# need to standardise data
# define our linear model and training parameters
SS = StandardScaler()
model = svm.LinearSVC(C=1e1)
# features are X
X = SS.fit_transform(df[['stic', 'money']])
# labels are y
y = df['result']*1
# train our model
model.fit(X, y)

# see what our line is like
# make a meshgrid and evaluate SVM in there
h = 1000  # number of meshpoints each dimension
x_min, x_max = X[:, 0].min(), X[:, 0].max()
y_min, y_max = X[:, 1].min(), X[:, 1].max()
xx, yy = np.meshgrid(np.linspace(x_min, x_max, h),
np.linspace(y_min, y_max, h))
Z = model.predict(np.c_[xx.ravel(), yy.ravel()])

# actually want to plot unstandardised
X = df[['stic', 'money']].values
x_min, x_max = X[:, 0].min(), X[:, 0].max()
y_min, y_max = X[:, 1].min(), X[:, 1].max()
xx, yy = np.meshgrid(np.linspace(x_min, x_max, h),
np.linspace(y_min, y_max, h))

# Put the result into a color plot
Z = Z.reshape(xx.shape)

plt.contour(xx, yy, Z, cmap=plt.cm.Paired)
plt.scatter(df[df.result==True]['stic'],
df[df.result==True]['money'],
color='green', label='Accepted')
plt.scatter(df[df.result==False]['stic'],
df[df.result==False]['money'],
color='red', label='Rejected')
plt.xlabel('STIC score')
plt.ylabel('Donation \$\$')
plt.legend()
fig = plt.gcf()
fig.set_dpi(200)
fig.set_size_inches(4,3, forward=True)
plt.show()
plt.close() Our support vector linear classifier correctly classifies the training points perfectly and also appears to learn the true target function boundary at STIC=2300, according to the 1000x1000 meshgrid of [STIC, donation] pairs (test data). We want to see whether we fell into any traps:

### Typical learning pitfalls¶

1. Test data comes from a different distribution as the training data: you studied for Physics, but your exam is on Finance
2. Overfitting on the training data with a powerful model: you memorise the textbook answers but don't know how to do them. You see a similar problem with different numbers on the exam, but don't know what to do
3. Training on the test data: you stole the final exam, and the solutions too
4. Testing on training data: your final exam is the textbook, of course you do well
5. Training on (unavailable) future data: when your job is to predict tomorrow's stock prices or the rain, you accidentally look into a crystal ball during training
6. Test data snooping: you have a good idea of what the test data looks like already, so you pick a model that can generate the test data

The only thing we care about is out-of-sample (quiz/test) performance. Training performance is not testing performance. No matter how well you learned the textbook material, the final exam is the only thing that matters to companies your self-worth. Out-of-sample performance is the name of the game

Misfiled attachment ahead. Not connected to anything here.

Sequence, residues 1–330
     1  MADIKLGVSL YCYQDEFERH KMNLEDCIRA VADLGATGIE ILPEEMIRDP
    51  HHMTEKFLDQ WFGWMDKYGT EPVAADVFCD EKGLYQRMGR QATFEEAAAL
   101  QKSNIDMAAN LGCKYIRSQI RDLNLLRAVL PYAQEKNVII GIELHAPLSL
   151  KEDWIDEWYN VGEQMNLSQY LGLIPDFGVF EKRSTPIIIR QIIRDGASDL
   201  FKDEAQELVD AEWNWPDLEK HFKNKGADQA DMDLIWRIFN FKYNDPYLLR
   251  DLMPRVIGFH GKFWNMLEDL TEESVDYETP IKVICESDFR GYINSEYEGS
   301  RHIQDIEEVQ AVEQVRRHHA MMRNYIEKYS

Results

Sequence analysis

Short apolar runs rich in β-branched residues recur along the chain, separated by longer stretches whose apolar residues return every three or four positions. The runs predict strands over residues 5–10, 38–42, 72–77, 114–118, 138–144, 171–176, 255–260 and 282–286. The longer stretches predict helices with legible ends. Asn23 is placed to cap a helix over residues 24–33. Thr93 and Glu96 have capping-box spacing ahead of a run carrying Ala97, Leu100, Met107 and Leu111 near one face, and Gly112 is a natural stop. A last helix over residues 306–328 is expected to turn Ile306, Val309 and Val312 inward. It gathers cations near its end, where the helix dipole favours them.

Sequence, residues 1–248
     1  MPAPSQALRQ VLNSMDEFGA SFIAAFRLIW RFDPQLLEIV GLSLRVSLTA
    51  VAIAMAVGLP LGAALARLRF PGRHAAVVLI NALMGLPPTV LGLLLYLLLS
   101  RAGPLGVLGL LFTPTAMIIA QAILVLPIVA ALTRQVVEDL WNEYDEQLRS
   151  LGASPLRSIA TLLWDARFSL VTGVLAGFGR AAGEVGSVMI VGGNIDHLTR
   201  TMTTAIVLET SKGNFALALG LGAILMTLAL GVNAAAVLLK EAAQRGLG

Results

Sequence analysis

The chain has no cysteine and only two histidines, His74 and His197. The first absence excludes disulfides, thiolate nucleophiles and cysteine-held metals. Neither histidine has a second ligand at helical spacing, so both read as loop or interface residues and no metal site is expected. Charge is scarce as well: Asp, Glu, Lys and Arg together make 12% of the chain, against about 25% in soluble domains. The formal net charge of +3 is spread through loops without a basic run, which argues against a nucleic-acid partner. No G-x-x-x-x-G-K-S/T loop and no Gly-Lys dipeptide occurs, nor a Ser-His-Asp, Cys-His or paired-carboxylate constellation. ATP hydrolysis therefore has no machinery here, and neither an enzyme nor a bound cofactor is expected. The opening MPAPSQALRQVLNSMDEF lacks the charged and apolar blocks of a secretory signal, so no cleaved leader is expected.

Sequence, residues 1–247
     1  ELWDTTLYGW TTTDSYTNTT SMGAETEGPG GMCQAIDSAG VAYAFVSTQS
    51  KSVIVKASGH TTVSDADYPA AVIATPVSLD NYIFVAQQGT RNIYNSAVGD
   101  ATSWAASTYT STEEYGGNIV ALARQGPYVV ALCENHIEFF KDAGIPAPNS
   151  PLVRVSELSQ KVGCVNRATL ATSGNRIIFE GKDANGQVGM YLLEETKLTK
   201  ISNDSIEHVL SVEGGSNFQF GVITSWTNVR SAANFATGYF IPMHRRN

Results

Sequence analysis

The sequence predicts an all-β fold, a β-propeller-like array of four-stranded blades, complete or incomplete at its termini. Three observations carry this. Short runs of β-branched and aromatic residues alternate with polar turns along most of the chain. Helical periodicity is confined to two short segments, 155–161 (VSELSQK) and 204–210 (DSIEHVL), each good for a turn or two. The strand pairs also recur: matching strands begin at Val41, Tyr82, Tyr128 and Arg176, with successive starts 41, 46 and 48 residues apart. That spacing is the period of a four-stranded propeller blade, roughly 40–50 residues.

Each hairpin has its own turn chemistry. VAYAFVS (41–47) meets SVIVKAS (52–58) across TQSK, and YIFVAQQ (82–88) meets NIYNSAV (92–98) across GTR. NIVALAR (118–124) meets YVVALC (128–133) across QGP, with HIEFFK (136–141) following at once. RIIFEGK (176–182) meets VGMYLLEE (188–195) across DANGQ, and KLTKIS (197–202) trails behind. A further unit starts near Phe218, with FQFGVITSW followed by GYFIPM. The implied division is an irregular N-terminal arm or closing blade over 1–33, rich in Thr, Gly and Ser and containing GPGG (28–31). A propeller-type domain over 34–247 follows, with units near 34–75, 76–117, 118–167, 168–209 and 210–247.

### We're kind of ok, for now¶

1. Our test data is the meshgrid of points. It's not the same distribution for sure, but we perform just fine
2. Our model (a line) isn't very powerful, so it can't memorise things easily
3. We didn't make the meshgrid until after training (model.fit(X, y))
4. The training points are a small fraction of the size of the 1000x1000 meshgrid, so it's ok
5. All of our data was collected before we trained
6. We not only snooped on the test data, we generated the test data. We wrote and took our own final exam. But that is the problem with fake data, and there is no getting around it

## Realistic example for ML¶

• Suppose there are 12,000 ID photos from the local police department of a very homogeneous population (ages 18-30, no beard, all male, same race, same photographer, etc.)
• For 10,000 of them, police dept. tells you which ones are convicted criminals (50% of them are)
• The other 2,000 don't have labels, but the dept. will reveal them in a year
• Target function: we don't know if it exists in reality, but we want to take an ID photo and return True or False for that person being a convicted criminal
• Features: just the ID photos. Label: convicted criminal? True or False
• If we have code that gets more than 80% accuracy on the 2,000 unlabeled pictures, we will have made a groundbreaking discovery for sure

## Can we use machine learning? 3 questions:¶

1. Is there anything to learn? We can't learn a coin toss
2. Do we have an exact formula of the target function that we can evaluate? If so, then we just use that formula
3. Do we have data?

## So what happens when we have more complex target functions and how do we quantify whether a model is 'good', aside from staring at it?¶

Overfitting and Cross Validation on the next post :)